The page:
If the success of Fleabag is anything to go by, Andrew Scott playing sexy Irish anything is guaranteed to be a hit. Before he was a sexy Irish priest in that hit TV show (that’s hit TV show, Nina), he was a sexy, Irish and even on-the-cusp-of-homoerotic teacher in Handsome Devil.
Top Tip: Try not to get distracted by Andrew Scott’s beauty. Or his seductive Irish accent. Or his brooding eyes. What were we talking about?
Handsome Devil (John Butler, 2016) rotates around the story of self-defined outcast Ned, played by Fionn O’Shea, who attends a rugby-obsessed boarding school in Ireland. He is put in a dorm-room with new kid turned lead rugby player Conor, played by Nicholas Galitzine, and the friendship they develop is strained by their different social statuses within the school hierarchy.
The strength of this film lies in its principal diversion from the narrative we see so often in gay cinema; that is, a narrative of young boys discovering their gayness through romance. I didn’t realise until after seeing the film how rare it is to see a gay film, particularly one about teenagers, that doesn’t revolve around a romantic storyline. And it’s very refreshing to see that. Many queer people, including myself, don’t discover their identities through others, but through themselves, and it’s great to see that narrative represented.
In another bold step outside gay movie tropes, this story isn’t about the main character’s coming-out. Despite the incessant verbal abuse he receives, Ned is remarkably open about his gay identity — in a particularly heart-wrenching moment the lead bully rips up a poster he has up of two boys kissing. [Sidenote: I wish I had the balls to have one of those on my wall at 16.] There are coming out stories involved in the plot, but these are far from the focus. And — not to be too specific so we can avoid spoilers — the gay characters are wonderfully diverse. Not in terms of race, gender or sexuality — pretty much every character is a cis white gay man, read of that what you will — but at least in terms of experience. They all have their own complex journeys, and none of them fit easily into gay tropes or stereotypes. And they all learn from each other. We see coming out as a complex process that is far from a perfect solution to our character’s problems, but rather a simple step in their respective journeys.
Biggest Gay Mood: running away to sulk on a boat instead of playing rugby
[Other options for this week include: hearing “can I ask you a question?” and already knowing what the question will be; and hating your PE teacher]
John Butler, as a gay movie writer himself, isn’t afraid to explore the darker sides of gay life under homophobia (which is, as expected, omnipresent, from the schoolboy bullying to the headmaster’s outdated assumptions). The film shows how outside oppression can lead to the gay community becoming self-destructive: for example, a reluctance to let other people in for fear of rejection. Fear of exposure is used as a powerful plot device and character motive, causing trauma and conflict. And yet, Butler works his way through this delicate material with a sensitivity and an authenticity that is surely aided by his own gay life experience.
The sensitivity of Butler is brought home by outstanding performances from the two lead actors. And I’d almost forgotten how you needed to be gay to have feelings in the 90s: fear of being outed is almost surpassed by a group fear of being perceived as gay or femme – the schoolboys even made cheerleading masc. The awkward teenage boy angst is executed well with superb comic timing. As the school’s star essayist, Ned narrates the film, giving the viewer a less inhibited insight into his character; almost how he’d be if he could exist outside of his oppressive boarding school environment.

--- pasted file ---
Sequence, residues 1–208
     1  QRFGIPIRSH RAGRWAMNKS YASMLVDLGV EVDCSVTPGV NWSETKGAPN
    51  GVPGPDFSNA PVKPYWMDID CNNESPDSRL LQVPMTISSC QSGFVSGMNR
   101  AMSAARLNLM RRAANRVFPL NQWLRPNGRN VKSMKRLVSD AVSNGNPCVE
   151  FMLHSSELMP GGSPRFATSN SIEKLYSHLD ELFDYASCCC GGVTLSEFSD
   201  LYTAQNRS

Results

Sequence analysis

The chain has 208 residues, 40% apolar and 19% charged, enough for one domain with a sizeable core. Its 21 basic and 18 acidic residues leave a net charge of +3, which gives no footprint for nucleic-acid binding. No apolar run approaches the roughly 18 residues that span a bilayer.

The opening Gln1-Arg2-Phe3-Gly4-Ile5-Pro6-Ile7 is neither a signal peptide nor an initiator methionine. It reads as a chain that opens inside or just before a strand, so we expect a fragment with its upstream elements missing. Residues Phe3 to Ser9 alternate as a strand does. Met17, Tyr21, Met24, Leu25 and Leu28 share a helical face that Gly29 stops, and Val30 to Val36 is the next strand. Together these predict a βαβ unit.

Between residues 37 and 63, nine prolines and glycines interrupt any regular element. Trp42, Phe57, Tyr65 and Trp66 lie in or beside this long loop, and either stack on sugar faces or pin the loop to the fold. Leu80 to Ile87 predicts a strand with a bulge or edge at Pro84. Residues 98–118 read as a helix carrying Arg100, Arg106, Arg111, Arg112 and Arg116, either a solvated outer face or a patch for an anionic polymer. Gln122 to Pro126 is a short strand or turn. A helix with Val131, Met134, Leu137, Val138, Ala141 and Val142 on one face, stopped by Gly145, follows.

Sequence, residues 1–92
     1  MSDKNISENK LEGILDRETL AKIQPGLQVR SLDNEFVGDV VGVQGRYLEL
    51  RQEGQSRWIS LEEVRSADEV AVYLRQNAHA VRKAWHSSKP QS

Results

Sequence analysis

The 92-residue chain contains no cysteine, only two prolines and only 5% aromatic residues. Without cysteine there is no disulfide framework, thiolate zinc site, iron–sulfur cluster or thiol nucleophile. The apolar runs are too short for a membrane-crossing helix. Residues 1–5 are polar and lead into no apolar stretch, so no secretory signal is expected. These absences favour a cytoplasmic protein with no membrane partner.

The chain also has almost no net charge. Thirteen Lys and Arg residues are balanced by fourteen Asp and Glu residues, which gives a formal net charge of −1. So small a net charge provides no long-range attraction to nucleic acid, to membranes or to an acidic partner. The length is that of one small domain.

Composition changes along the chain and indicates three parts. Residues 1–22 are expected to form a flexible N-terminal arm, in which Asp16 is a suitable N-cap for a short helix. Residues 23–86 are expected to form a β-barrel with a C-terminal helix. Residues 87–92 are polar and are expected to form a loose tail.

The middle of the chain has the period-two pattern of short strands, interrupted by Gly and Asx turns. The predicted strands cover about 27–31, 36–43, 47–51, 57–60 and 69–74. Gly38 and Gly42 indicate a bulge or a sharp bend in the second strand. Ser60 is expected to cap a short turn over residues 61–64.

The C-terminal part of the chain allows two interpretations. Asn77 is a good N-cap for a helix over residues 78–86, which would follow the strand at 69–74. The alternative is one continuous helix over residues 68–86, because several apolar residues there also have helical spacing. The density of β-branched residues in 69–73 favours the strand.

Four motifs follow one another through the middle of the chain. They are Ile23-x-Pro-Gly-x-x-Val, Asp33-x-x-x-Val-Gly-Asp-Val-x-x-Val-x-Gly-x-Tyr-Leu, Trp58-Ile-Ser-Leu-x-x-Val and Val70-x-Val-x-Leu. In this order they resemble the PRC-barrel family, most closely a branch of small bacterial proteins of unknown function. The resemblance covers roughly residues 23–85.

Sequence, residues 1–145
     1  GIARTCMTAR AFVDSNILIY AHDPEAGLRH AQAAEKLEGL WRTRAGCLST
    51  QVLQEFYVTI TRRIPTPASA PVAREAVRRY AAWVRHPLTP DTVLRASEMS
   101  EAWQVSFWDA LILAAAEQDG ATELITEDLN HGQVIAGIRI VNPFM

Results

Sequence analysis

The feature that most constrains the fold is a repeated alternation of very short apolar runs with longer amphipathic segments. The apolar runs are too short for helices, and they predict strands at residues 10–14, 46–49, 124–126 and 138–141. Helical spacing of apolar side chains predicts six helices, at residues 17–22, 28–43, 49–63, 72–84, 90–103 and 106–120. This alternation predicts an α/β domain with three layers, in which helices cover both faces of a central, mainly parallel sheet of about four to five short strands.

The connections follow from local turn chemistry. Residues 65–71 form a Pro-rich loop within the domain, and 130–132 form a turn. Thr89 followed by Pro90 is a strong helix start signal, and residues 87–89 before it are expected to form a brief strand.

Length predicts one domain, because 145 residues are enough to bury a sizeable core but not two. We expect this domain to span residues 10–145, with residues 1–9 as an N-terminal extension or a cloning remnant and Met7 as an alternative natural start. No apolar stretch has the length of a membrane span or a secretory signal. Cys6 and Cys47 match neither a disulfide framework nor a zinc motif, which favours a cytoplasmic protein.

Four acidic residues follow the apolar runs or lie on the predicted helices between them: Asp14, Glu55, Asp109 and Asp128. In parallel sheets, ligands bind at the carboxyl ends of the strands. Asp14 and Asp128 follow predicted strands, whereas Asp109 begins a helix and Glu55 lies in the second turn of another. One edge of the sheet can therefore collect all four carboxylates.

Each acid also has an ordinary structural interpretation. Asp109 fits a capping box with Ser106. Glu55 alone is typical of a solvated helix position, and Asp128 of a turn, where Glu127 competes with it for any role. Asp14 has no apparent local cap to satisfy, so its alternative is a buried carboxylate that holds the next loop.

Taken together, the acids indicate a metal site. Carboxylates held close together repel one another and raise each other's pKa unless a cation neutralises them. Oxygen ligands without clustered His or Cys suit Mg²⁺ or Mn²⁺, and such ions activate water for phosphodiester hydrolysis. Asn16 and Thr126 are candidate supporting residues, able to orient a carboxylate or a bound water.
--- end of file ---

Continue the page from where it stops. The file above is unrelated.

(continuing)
Britney Line Time: Sometimes I run, sometimes I hide, sometimes I’m scared
The schoolboys’ aversion towards emotional intelligence is only encouraged by the increasingly repulsive PE teacher. He does give us some good moments: a straight person trying to be politically correct and not being able to say the word ‘gay’ is always hilarious. Plus he really drives home the whole High School Musical- and Glee-esque ‘you have to choose between music and sports’ storyline (spoiler alert: you don’t!) Altogether, he definitely doesn’t deserve a character arc, but gets one anyway. How gracious.
There are many great details to Handsome Devil that only emerge in second or third viewings; this way, its brilliance can be further revealed, layer by layer. For example: the first time it is obvious that the barrier that Ned constructs down the center of his shared dorm-room, and its subsequent dismantling, is representative of the barriers queer people put up against strangers to protect themselves. However, only on rewatching the film did I consider that the split screen visuals shown later, depicting Ned and Conor in their differing occupations, could be a continuation of this same motif around barriers. Hell, at one point a song lyric mentions the number 21 at the same time as a scoreboard changes its score to 21. Small details like these celebrate the intricacies in the art of filmmaking.
Circling back to the sexy Irish teacher, we can finish this review with the advice Mr Sherry angrily imparts on Ned after realising that he plagiarised the lyrics to The Undertones’ My Perfect Cousin in his essay: ‘Never speak in a borrowed voice’. And I think it’s clear that, in my opinion, in its diversions from gay teenage movie narratives and tropes, as well as its all-round sensitivity and willingness to be vulnerable, Handsome Devil is in no danger of doing that.